When see a cross walk up ahead, check if their foot is over the brake. Are thinking about stopping? When turning left at a traffic light, they’re focused on their turn signals and figuring out what lane they need to turn into. They probably haven’t noticed the car that’s coming towards the intersection.
Instead of waiting for them to make a mistake (especially if there’s other traffic around) you can calmly send a few verbal cues their way to help guide them in the right direction.
One and done.
I have this really bad habit of driving home my points. To make sure my son fully understands what I’m trying to say, I have a tendency to repeat myself. I need to make sure he’s picking up every nugget in my brilliant life lessons.
When he’s behind the steering wheel, however, I have learned that one and done is the best way to administer advice. I guess the truth is, who wants to listen to “You need to turn your head more when checking blind spots!” on repeat? But he’s not great at checking his blind spots! At some point my remarks simply become distractions. I’m slowly learning to keep my mouth shut.
Hide your fear
When I’m feeling stressed out during a driving lesson, I try to clench my fists low on the seat so that my son can’t see them. I know this will cause him to stress out. I try to always keep my voice as calm and neutral as possible. And I try really hard not to use my ‘stern’ voice, because he hates it and it triggers him. Which leads to my next tip (that I learned the hard way)…
Avoid triggering your teen.
My son doesn’t like to be corrected by me. He’s never been great with feedback from mom. And unfortunately he’s not the kid to shut down when angry. Instead, like me, he gets loud and fierce and volatile. Don’t get me wrong. He’s a lovely, thoughtful, kind, empathetic kid. He just comes from a long line of fiery tempers.
So during our driving lessons, I really, really try to keep my voice calm and my feedback positive. I’ve learned the hard way, that if my stern voice escalates beyond stern (but seriously, sometimes you need to yell STOP!), that it triggers him. And when that happens, his tendency is to forget the break pedal and lay on the gas instead.
The adrenaline rush from stress and nerves is overpowering in these moments, especially if there is oncoming traffic or they miss a red light. We had to pull over to the side of the road once to have a screaming match because he almost missed a stop sign. Then I had to calm myself before calming him down so that we could proceed. It just wasn’t a good scene.
If you know there are things you do that will trigger you teen, just avoid them when your student driver is behind the wheel.
Lead by example
Think about the stress, even rage (I’m perimenopausal after all) that you feel when other drivers cut you off or are driving below the speed limit when you really need to pee. It can be really hard to to go into full out road rage sometimes.
And yet, we need to be aware that now that our teens are learning to drive, they are paying attention to what we’re doing while we’re driving the car. We are their driving instructor, even when we’re not thinking about it.
We need to always be a good example for our new drivers. Teach them that distracted driving is never tolerated. Don’t ever pick up your phone to reply to a quick text or change your playlist, if you don’t want your new driver to do it.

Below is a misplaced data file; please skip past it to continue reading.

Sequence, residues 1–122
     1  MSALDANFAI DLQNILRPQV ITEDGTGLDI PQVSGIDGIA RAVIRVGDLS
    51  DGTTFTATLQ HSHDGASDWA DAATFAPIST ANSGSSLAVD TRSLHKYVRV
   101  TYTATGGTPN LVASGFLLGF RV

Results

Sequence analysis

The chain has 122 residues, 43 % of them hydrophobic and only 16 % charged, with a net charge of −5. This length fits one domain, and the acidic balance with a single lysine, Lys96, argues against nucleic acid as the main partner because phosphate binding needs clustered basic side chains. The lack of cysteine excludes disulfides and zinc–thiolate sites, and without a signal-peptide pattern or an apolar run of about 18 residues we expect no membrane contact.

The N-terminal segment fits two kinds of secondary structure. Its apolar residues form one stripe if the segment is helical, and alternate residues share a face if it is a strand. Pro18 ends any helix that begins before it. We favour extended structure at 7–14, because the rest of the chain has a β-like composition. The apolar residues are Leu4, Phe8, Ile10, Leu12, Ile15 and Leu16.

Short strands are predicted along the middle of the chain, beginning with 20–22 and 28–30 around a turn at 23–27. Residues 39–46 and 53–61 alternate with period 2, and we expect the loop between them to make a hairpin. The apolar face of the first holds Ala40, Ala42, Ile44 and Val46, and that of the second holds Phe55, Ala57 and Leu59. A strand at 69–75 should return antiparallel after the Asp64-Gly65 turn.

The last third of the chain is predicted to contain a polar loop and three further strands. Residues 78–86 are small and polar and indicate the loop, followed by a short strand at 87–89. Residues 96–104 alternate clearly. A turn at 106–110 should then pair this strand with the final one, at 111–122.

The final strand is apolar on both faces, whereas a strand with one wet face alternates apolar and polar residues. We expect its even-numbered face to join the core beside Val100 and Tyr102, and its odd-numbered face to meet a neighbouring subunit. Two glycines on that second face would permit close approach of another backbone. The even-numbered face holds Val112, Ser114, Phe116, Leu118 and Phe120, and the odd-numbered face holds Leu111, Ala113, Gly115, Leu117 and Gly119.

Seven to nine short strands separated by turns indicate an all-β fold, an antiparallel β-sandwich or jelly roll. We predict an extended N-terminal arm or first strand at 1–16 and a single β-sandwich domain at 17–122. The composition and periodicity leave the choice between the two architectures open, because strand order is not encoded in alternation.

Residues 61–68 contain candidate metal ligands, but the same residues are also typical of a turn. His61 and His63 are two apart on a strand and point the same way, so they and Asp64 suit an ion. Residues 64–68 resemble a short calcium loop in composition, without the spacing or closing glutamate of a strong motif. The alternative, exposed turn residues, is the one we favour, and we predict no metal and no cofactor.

Monkey see. Monkey do. Without realizing it, your bad habits can quickly become their bad habits.
Demonstrate why it’s important to always remain calm, respect other drivers, drive safely and follow driving laws, no matter what the situation. No matter how badly their menopausal mama needs to pee.
Celebrate small victories
Teaching your teen to to drive can be a harrowing experience. It can help your student driver build confidence if you take a minute at the end of your driving lesson to focus on the positive. I don’t recommend you jump out of the car and kiss the driveway as a show of gratitude for making it home alive.
But at the end of every session, my son and I take a minute to celebrate small victories. Like if I make it through a car lesson without dropping the F bomb. Or he makes it through without side swiping our neighbours parked car. Or without losing his mind on me. You know, the small stuff.
It’s also important that when your student driver makes a safe mistake to congratulate them and use it as an opportunity to demonstrate proper technique or maneuver. Through the little bumps and fender benders of learning, it’s helpful to have a sense of humour and focus on the small wins.
Next stop: G2 driver’s license
The reality of teaching your teen to drive is that it’s going to require patience and a lot of practice, but don’t let that overwhelm you. It’s estimated that it takes a person about 4,000 hours of doing something to become fully competent in any given subject or skill – including driving.
That’s why your occasional sighs and tears of frustration, both yours and your teen’s, are all part and parcel of honing a new skill. Rather than getting worked up about a potentially bad driving lesson, take a step back and recognize that your teen is doing their best with mastering this tricky task.
Reassuring them that you have faith in their abilities will go a long way towards building your teen’s confidence behind the wheel, and giving them the foundations they need to navigate the open road with ease come time for their G2 driving test.
If I can stay zen while teaching my son to drive, anyone can!